Putting the paper together was fairly simple: I went to Milwaukee Police Headquarters a few times a week and picked up the daily crime sheets for police districts #1 and #5, which were my coverage areas. (I believe I paid a dime for each page.) I went home and typed brief summaries on my Mac SE. They’d go something like this:

1400 block of N. Prospect Ave.
Jan. 14, between 1 p.m. and 6 p.m. intruder broke kitchen window and stole jewelry, VCR, stereo and purse containing $75. No suspect.

There were over 100 of these agate crime summaries that ran in the margins of every issue, next to “the big feature.” Those stories — some written by friends — ran about 1,500 to 2,000 words. There were pieces about art-school nude models, a huge tattoo convention, a quirky artist colony and a shady mayoral candidate. One of my Public Record writers interviewed four young people about what it’s like to suffer a nervous breakdown. My upstairs tenant heard about the project and told me for the first time about his history of mental illness; he was included in the package.

I thought the stories were interesting, but I knew that people picked the paper up for the crimes. (“Not to scare, but to make aware” was The Public Record slogan.)

The Public Record slogan

Every other Wednesday night I’d take my Mac floppy disk to the Milwaukee Magazine offices (I was a “semi-retired” senior editor at the time) and — with the publisher’s permission — designed the newspaper on a “Super Mac.” I’d usually wrap things up at about 3 or 4 in the morning, then drive the finished pages to the printer in Hartland, about 35 miles away. I’d put the four 11-by-17 pages into a drop-box, then head home and crawl into bed at about 5:30 or 6 a.m. Four hours later the printer’s courier would drop the 5,000 newspapers on my porch, and I’d call my distributor and put him to work.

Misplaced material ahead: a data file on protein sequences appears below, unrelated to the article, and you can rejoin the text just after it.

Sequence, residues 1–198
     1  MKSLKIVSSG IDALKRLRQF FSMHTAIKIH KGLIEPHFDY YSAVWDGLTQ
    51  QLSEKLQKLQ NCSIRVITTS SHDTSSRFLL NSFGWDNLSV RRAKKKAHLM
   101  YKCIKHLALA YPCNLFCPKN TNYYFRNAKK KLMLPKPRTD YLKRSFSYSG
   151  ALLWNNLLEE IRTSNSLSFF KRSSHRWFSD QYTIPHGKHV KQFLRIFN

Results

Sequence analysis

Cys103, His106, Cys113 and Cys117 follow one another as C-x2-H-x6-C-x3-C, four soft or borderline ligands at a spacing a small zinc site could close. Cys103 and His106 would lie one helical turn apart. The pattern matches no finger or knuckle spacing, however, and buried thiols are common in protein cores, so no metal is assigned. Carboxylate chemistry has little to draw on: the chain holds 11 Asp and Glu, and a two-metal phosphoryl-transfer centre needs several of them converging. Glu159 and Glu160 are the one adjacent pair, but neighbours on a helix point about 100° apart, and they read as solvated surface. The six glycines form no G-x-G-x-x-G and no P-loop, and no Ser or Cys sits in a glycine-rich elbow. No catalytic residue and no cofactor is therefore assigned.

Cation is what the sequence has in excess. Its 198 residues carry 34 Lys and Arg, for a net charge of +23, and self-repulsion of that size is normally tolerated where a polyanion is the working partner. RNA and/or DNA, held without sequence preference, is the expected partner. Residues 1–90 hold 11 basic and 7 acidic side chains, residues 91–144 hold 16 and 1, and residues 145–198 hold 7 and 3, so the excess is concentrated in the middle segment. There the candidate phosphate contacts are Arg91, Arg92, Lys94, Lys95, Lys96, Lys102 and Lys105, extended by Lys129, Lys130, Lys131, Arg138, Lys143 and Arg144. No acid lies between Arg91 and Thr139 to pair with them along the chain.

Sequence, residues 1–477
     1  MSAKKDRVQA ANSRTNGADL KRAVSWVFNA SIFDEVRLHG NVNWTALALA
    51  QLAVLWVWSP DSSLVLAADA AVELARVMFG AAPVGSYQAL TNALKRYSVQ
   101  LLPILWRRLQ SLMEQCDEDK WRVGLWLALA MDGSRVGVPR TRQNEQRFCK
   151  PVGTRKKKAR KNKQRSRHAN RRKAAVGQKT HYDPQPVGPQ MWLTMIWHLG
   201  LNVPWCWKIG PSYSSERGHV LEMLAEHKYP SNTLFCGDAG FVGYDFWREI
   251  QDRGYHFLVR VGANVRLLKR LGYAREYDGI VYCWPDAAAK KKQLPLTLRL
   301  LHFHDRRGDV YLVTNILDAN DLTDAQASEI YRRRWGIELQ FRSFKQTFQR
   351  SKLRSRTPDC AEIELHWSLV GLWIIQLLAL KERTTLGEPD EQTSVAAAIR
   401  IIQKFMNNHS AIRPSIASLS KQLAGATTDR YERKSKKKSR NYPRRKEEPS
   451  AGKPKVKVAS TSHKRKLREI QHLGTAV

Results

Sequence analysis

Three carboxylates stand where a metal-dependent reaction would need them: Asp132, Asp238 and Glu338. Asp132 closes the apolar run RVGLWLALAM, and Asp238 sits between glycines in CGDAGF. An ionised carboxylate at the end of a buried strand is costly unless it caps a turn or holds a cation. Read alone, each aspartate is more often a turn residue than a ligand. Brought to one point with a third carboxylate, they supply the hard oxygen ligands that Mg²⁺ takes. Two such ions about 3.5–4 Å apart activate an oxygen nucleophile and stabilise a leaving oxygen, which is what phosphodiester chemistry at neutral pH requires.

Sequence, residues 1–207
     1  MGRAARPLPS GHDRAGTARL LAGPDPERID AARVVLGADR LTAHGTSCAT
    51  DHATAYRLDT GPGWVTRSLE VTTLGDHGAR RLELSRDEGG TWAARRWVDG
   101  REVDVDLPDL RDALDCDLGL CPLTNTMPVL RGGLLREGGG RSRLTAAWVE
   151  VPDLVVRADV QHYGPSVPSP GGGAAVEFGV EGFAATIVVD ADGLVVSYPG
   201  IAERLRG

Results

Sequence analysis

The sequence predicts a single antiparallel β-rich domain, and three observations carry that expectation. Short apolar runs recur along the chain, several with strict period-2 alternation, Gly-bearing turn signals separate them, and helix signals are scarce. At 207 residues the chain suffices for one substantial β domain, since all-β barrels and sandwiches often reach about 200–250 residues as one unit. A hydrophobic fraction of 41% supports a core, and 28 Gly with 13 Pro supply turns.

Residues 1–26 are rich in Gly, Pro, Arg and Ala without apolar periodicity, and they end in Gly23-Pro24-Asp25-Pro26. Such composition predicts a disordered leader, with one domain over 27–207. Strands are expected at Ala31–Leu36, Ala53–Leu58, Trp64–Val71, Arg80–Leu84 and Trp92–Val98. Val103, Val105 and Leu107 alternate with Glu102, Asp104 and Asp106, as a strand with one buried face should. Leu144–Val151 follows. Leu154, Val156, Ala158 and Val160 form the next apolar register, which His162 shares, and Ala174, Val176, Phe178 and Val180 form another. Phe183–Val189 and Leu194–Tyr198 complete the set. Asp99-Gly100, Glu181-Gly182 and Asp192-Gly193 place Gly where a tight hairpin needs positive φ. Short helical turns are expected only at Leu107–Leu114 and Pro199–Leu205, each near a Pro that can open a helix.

The distributor — a medical student who dropped out of school after bit too much LSD experimentation — was paid $20 for leaving papers at about 35 outlets. (I met the guy while working on a feature about an apartment building occupied by grave-robbers, witches, prostitutes and, well …. other people like that.) My writers were friends who loved seeing their words in print for the first time and didn’t expect to get paid. What was missing was an ad salesperson; I had some $1 classifieds, but no display ads. I wasn’t in this for the money and the $185 per issue printing bill was manageable.